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Or even better, will you be able to pay the balance in full when the bill comes due?
I’m thinking the answer is no.
This is a major problem.
You only have so much money to go around, and if you’re only relying on your memory of what you spent, you’re making a big MISTAKE.
You need an action plan that works.
The Pay Off As You Go Method Will Give You Happy Feet
Have you ever opened an extra savings account with an online bank? If yes, you’ll know it can really help you allocate money for a set purpose. You can set up as many savings accounts as you like. If not, it looks like this:
Whenever I make a purchase on one of my cards, I send the money straight to the savings account labeled with the name of the card I just used. When the bill comes due, I know I’ll have enough money to pay the bill because I already put it away for safe keeping.
I recently purchased clothes for my kids online and for other people who are hard to buy for since they are finicky. Shh! I used promo codes and the Pick2Pay app to maximize all of the rewards and savings possible but the most important part of the process is transferring what I just put on the credit card into the savings account. It really doesn’t matter how much savings you score, if you don’t have enough money to pay the bill. . . is that really savings?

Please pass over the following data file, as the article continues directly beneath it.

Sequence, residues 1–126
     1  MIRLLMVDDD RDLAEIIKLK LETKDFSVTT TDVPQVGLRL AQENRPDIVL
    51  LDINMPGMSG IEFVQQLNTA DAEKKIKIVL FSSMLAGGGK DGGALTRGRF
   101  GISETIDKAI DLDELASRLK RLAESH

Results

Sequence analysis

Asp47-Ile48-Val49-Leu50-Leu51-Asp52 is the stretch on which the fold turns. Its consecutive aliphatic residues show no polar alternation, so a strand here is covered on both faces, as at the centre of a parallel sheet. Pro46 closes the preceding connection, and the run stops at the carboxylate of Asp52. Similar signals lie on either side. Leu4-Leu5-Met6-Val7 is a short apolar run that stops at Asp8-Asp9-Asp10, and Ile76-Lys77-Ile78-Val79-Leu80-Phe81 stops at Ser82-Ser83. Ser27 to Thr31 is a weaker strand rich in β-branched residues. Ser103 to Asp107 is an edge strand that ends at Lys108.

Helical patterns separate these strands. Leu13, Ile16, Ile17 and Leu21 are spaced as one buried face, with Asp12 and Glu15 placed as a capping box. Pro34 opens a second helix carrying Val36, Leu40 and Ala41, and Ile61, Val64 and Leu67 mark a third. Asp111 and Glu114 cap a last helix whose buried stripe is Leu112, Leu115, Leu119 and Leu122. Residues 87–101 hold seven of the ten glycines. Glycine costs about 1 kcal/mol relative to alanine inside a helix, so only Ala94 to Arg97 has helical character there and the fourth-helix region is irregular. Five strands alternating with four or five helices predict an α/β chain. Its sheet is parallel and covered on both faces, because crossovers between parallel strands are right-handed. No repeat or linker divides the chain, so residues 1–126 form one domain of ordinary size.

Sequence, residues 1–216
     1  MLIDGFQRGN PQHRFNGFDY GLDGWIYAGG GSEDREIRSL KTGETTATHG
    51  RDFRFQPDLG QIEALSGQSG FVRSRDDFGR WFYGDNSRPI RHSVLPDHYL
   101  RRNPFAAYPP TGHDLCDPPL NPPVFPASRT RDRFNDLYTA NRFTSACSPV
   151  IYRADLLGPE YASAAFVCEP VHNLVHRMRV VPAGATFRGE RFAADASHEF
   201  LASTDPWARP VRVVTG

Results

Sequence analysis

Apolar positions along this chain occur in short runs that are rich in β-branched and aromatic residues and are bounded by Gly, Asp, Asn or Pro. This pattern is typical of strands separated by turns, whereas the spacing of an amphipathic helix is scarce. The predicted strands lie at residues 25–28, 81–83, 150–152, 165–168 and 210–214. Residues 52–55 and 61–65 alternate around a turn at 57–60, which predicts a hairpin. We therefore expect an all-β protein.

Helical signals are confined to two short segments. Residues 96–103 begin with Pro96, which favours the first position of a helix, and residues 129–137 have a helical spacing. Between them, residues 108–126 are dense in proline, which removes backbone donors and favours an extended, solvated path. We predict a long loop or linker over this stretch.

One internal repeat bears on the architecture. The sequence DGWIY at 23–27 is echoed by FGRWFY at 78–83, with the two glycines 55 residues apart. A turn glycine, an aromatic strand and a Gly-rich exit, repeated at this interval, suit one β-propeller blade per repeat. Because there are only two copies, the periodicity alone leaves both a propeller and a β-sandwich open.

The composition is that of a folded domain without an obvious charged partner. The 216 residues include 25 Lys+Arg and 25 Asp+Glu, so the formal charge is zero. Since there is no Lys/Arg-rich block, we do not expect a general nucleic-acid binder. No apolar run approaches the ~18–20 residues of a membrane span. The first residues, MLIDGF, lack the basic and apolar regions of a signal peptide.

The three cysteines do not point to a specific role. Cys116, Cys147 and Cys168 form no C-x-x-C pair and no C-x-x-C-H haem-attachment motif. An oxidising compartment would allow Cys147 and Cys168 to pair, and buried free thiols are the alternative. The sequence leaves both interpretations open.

This is awesome for four reasons.
You can stash away cash to make sure you can cover your credit card bills in full.
It moves you away from dipping into your emergency fund, if you have one. I hope you do.
It allows you to avoid credit card debt.
You can take advantage of discounts, rewards, points, etc. that credit cards offer without paying any interest. This is meant for people who do not have credit card debt. It’s for those who want to use their cards responsibly for the benefits. Paying in full and on time helps you avoid interest and late fees. This “how to” is for informational purposes. I am not a financial planner or credit card expert. Be sure to consult with a professional. Also be sure to read and understand the fine print of any offer before making a financial decision.
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